Tackling Tricky Topics for 10+

Posted on: Thursday 04 July 2013 6:42pm by David Ault

This session looked at whether it is a broadcaster’s job to tackle subjects like sex, drugs, bullying and body image.

Very useful – a lot of topics could be covered in this seminar, and there is a fine line between what can be said and what pushes the boundaries too much.
Sai Pathmanathan, Science Education Consultant

We do content for Childline, tackling some very tricky topics for teenagers. We have to give children the language to express what they’re going through, and we could be braver.
Hannah Flynn, NSPCC

Top Ten Takeaways
1. Children need a language to parse events and feelings.
2. Children and young people are thinking about these matters, so it’s vital that programme-makers tackle the subjects.
3. The way adults see content is not how children see it, and what might be too icky for adults is brilliant for children’s development.
4. There is a very fine line to tread for broadcasters between being brave and being offensive.
5. The online medium is extremely useful for allowing teenagers to explore subjects privately.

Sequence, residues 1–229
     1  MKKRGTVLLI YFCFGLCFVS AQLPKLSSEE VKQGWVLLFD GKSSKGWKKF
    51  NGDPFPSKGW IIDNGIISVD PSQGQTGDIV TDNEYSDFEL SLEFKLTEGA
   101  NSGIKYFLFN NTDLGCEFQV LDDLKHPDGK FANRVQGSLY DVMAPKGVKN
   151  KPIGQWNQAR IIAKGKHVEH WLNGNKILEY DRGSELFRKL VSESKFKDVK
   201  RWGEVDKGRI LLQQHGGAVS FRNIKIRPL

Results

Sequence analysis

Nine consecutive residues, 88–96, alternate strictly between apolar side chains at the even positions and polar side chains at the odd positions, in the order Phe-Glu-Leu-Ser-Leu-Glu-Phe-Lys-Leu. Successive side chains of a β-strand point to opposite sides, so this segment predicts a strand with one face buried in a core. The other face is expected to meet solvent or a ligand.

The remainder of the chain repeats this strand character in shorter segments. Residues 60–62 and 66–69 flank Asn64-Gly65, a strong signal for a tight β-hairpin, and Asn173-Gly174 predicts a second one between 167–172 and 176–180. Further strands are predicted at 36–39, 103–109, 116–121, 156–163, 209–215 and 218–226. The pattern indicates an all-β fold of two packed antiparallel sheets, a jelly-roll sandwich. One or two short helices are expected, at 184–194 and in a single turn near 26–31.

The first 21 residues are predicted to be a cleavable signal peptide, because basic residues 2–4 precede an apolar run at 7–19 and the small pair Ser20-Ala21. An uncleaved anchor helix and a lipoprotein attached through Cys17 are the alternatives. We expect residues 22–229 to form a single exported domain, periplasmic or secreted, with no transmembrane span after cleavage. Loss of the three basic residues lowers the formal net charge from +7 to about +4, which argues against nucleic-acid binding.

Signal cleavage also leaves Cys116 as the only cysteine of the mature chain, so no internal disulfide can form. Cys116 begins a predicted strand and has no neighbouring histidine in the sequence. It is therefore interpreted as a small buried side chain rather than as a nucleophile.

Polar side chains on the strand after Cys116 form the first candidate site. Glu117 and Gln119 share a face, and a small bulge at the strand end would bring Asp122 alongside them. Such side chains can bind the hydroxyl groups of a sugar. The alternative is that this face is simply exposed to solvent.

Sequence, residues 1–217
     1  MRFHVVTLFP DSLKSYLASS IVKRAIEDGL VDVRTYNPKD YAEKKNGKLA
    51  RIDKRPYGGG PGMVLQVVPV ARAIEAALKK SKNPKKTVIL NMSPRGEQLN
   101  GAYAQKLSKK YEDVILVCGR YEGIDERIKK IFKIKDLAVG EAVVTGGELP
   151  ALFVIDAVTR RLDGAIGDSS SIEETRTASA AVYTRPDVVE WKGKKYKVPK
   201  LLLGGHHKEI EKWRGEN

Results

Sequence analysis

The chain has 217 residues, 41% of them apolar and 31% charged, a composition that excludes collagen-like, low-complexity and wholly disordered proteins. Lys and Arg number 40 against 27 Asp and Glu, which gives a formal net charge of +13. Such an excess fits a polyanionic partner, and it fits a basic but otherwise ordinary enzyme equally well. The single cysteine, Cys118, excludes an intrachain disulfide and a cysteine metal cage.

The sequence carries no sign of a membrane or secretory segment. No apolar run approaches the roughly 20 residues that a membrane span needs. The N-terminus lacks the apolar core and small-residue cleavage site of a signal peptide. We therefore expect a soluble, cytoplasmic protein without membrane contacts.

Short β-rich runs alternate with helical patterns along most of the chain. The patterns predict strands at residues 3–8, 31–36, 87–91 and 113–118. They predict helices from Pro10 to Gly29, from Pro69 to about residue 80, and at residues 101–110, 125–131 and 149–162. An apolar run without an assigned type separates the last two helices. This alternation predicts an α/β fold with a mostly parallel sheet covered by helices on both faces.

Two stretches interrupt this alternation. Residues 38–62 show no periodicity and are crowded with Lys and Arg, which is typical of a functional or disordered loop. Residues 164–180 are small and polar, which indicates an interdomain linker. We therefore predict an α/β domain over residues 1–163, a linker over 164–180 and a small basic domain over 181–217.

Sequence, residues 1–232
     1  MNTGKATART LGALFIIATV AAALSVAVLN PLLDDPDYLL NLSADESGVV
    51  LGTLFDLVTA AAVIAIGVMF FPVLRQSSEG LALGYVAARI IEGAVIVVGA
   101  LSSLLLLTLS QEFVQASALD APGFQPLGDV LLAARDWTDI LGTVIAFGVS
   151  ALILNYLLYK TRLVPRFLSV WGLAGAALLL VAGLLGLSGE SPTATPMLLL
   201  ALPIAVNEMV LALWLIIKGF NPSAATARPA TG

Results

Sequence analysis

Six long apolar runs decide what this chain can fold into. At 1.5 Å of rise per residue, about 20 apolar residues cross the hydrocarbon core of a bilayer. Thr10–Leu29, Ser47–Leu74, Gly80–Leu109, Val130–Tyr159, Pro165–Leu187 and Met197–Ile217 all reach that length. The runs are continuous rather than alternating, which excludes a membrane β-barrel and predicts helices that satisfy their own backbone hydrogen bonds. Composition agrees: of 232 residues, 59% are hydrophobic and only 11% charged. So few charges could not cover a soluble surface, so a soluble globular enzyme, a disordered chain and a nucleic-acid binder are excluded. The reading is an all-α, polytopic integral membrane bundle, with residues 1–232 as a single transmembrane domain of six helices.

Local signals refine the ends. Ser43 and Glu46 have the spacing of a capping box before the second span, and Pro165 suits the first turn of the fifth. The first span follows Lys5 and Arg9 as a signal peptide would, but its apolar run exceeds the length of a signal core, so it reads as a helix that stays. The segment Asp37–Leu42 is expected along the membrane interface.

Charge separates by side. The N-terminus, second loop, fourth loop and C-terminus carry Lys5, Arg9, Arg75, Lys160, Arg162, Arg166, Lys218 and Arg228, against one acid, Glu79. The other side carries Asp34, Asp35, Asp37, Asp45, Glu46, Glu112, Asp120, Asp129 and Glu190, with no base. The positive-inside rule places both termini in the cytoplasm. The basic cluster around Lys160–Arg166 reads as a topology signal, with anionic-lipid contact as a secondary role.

6. Children will listen to their peers, and brave casting can help matters a huge amount.
7. It is important to show children as heroes, and not victims.
8. Good information about life, problems and so forth helps teenagers’ emotional and social development.
9. Children want to know, and it’s up to adults to tackle difficult subjects in useful and intelligent ways.
10. Children’s media is a vehicle to help children rehearse for life vicariously, to provide them with emotional resilience and self-confidence. If we want children to make good choices, we have to provide appropriate – and brave – narratives.

It was a wonderfully diverse group that sat on the stage; Nelufar Hedayat of CBBC’s Newsround chaired the seminar, with Pauline Macnamara of RTE, Kez Margrie of CBBC, Elin Raustol of Norway’s NRK Super and Jacqueline Harding of Tomorrow’s Child. As part of the seminar, the audience was treated to a series of clips from across the world that have broached subjects that others have avoided, in an effort to show what can be done to improve the output of children’s media.

The first topic covered the human body, with examples of (surgically applied) maggots eating dead flesh in a wound from Operation Ouch! and a young lad who had tripped in the playground and embedded a small stone in his skull. The former showed how visceral reactions can engage and help children learn about the human body and thus treat it better. The latter used animation to keep the child’s dignity, allowing him to walk out of hospital a hero, not a victim. It was intriguing to find out that the maggots had caused a large number of complaints, but had ultimately been the right choice for the broadcaster (CBBC).